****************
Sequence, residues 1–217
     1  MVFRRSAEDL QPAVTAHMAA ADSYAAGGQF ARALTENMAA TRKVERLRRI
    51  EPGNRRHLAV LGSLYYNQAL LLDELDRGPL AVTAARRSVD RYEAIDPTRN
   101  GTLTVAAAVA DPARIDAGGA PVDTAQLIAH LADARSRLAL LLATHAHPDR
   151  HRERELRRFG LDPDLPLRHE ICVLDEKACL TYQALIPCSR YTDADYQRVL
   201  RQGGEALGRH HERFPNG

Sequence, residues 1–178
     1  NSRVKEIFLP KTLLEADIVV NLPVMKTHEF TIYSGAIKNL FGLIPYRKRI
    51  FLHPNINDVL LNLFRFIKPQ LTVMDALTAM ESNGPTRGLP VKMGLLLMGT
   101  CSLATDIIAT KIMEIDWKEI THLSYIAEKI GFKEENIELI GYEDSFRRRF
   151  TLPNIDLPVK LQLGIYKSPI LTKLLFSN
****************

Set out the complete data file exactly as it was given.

Sequence, residues 1–217
     1  MVFRRSAEDL QPAVTAHMAA ADSYAAGGQF ARALTENMAA TRKVERLRRI
    51  EPGNRRHLAV LGSLYYNQAL LLDELDRGPL AVTAARRSVD RYEAIDPTRN
   101  GTLTVAAAVA DPARIDAGGA PVDTAQLIAH LADARSRLAL LLATHAHPDR
   151  HRERELRRFG LDPDLPLRHE ICVLDEKACL TYQALIPCSR YTDADYQRVL
   201  RQGGEALGRH HERFPNG

Sequence, residues 1–178
     1  NSRVKEIFLP KTLLEADIVV NLPVMKTHEF TIYSGAIKNL FGLIPYRKRI
    51  FLHPNINDVL LNLFRFIKPQ LTVMDALTAM ESNGPTRGLP VKMGLLLMGT
   101  CSLATDIIAT KIMEIDWKEI THLSYIAEKI GFKEENIELI GYEDSFRRRF
   151  TLPNIDLPVK LQLGIYKSPI LTKLLFSN